Set your organization and each team up to cover every base through complementary team-building. Fill in the holes and make the pieces come together. The best organization may not have the best people, but people in the right roles working together in a greater capacity for success.
(This article first appeared in Lead Change Group)
There are two ways to have your organization be molded.
The first way it to enact policies and practices as you go. This method addresses performance issues when they arise, meets compliance and regulatory standards, and manages the overall behaviors of the company.
It also has a direct impact on culture. and typically a negative one.
When policies are the driving mechanism in managing and leading, they take priority in the strategic goals of the company, leaving culture to be wrapped around it and fit in where it can.
For instance, if a policy is implemented in reaction to a new regulation of due to circumstances like increased injuries, then the culture may have to adapt in response. A company that claims customer service as a key value can hardly execute that culture when it devises a tenuous procedure on verifying returns or damage claims that protect the company first and leave consumers with a poor experience on how these claims are handled.
That’s where culture needs to be the driving force in everything an organization does. This is the second and best way to have your organization molded.
When culture has its rightful and preeminent place in your organization, it will permeate everything it touches. Culture well defined will seep its way into meetings, decision making, processes, and yes even policies. When culture is allowed to have its way, it will transform the way a company operates.
Those policies that are necessary due to regulatory compliance become less of an encumbrance to staff. Instead, culture will look at the compliance issue and say “How can we enact this in a way that still gives dignity to our people and excellent service to our customers?”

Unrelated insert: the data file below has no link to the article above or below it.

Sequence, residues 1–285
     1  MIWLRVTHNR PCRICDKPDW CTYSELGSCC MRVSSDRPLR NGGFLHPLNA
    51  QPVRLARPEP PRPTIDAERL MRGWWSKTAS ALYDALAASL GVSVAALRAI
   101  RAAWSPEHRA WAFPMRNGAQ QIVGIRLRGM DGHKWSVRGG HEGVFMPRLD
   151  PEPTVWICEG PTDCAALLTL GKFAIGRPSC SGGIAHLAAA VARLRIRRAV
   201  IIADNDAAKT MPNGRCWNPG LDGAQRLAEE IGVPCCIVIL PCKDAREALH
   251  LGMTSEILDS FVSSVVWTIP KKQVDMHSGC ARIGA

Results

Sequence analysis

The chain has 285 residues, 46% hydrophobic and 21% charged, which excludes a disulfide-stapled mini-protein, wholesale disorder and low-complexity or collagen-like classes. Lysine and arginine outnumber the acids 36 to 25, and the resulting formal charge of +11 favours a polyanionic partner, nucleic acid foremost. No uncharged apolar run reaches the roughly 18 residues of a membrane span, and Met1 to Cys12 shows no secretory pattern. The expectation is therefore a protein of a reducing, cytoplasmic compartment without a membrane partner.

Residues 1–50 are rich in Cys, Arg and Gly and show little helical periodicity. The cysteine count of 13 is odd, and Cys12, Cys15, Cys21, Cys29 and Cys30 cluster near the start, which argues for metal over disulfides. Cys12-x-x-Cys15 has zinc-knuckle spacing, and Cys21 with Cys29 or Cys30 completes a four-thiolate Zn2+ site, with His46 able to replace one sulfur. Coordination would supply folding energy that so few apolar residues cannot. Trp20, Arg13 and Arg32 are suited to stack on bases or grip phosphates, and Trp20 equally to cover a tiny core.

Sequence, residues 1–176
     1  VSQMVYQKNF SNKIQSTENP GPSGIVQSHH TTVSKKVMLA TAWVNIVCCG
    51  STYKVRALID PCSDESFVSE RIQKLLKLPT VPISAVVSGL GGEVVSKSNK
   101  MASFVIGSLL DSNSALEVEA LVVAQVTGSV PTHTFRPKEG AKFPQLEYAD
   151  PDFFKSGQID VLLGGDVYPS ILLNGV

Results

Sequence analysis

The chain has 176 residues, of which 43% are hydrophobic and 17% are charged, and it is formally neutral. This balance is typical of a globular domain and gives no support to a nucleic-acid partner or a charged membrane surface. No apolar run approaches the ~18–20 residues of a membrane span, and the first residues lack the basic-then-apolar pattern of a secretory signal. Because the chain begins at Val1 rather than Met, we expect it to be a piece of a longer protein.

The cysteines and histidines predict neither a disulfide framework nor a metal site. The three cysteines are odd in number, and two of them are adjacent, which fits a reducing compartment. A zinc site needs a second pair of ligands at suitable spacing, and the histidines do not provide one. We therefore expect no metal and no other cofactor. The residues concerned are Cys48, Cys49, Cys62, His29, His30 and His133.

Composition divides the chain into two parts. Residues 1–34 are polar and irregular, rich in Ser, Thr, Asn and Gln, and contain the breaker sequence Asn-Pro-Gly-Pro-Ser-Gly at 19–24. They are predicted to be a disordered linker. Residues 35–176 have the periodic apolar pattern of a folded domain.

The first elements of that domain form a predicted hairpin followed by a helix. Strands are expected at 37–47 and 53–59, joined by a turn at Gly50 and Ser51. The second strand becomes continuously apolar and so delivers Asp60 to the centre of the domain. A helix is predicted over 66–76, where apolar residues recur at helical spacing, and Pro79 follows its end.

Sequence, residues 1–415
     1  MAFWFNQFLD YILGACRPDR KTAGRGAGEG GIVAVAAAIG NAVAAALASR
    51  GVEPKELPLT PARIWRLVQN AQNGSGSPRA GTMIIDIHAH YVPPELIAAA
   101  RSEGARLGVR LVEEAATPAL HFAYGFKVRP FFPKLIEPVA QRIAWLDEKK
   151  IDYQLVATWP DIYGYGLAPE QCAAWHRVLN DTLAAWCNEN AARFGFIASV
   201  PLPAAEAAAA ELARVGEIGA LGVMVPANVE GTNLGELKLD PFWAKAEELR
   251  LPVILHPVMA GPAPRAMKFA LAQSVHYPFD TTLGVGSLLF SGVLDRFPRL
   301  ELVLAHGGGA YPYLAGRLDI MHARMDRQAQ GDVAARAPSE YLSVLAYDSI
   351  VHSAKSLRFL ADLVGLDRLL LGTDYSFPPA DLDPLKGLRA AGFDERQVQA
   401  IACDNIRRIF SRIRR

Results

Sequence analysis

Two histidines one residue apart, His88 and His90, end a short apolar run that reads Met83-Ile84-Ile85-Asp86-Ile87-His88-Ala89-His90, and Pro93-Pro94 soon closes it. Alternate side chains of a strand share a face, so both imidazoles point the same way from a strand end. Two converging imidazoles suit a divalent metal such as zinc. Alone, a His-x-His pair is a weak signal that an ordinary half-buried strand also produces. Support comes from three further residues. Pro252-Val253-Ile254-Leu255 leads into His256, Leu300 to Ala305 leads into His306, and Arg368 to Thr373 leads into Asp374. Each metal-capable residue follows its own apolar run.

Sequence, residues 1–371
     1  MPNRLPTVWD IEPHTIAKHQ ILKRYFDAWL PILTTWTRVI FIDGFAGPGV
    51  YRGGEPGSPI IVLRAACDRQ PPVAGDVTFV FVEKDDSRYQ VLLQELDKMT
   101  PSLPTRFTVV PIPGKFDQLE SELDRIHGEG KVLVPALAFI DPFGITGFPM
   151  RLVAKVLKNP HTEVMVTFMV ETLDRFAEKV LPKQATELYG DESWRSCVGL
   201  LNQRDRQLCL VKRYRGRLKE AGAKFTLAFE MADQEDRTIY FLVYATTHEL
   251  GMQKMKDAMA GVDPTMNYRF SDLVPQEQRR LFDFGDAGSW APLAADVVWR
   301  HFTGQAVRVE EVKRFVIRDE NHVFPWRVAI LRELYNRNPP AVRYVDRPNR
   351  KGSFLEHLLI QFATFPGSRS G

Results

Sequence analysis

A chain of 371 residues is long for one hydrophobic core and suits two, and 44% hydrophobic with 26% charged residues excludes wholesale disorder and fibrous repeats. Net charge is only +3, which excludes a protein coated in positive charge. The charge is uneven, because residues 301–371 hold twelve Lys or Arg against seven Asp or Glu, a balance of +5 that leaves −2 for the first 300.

Culture will always keep your core values intact, engagement high, and your systems in congruence with your people. It will allow the human touch in business, not like the robotic and cold, technical and policy-driven approach does.
When culture is at the center, it’s effects will ripple out and make lasting waves through your organization. It flows more freely because it doesn’t force actions but enables them to be more organic.
If you ask the average person, they may say the focus of leadership to be:
- Attain results
- Meet goals
- Share vision
- Service customers
- Get people to perform
- Create culture
- Manage daily operations
Leadership is a balance of all the above, but one essential piece that most leaders fall short on is this:
Development of your people in their skills to the highest level they want to attain.
This can manifest in the following ways:
- Helping them gain mastery of core job functions
- Developing skills in new areas
- Strengthen those areas they are already strong in
- Building desire to grow through increased engagement
- Casting vision of the organization to help them see what they can accomplish
- Fostering a desire to lead in varying capacities
- Placing them in situations they can grow and stretch
- Increasing their knowledge by giving access to learning resources of all types
Developing your people is key to sustainable growth of the organization. A good culture cannot grow and refresh if it’s people do not grow. A great strategy can be executed but if your people don’t learn something new the next strategy may not go as well.
At the core of every action, goal, and metric attained in any company is the need to having your people learn as much as they can. This only strengthens the foundation of your organization and builds more connected, committed, and long-term engagement in your workforce.
Purpose daily to develop your people. That is true leadership.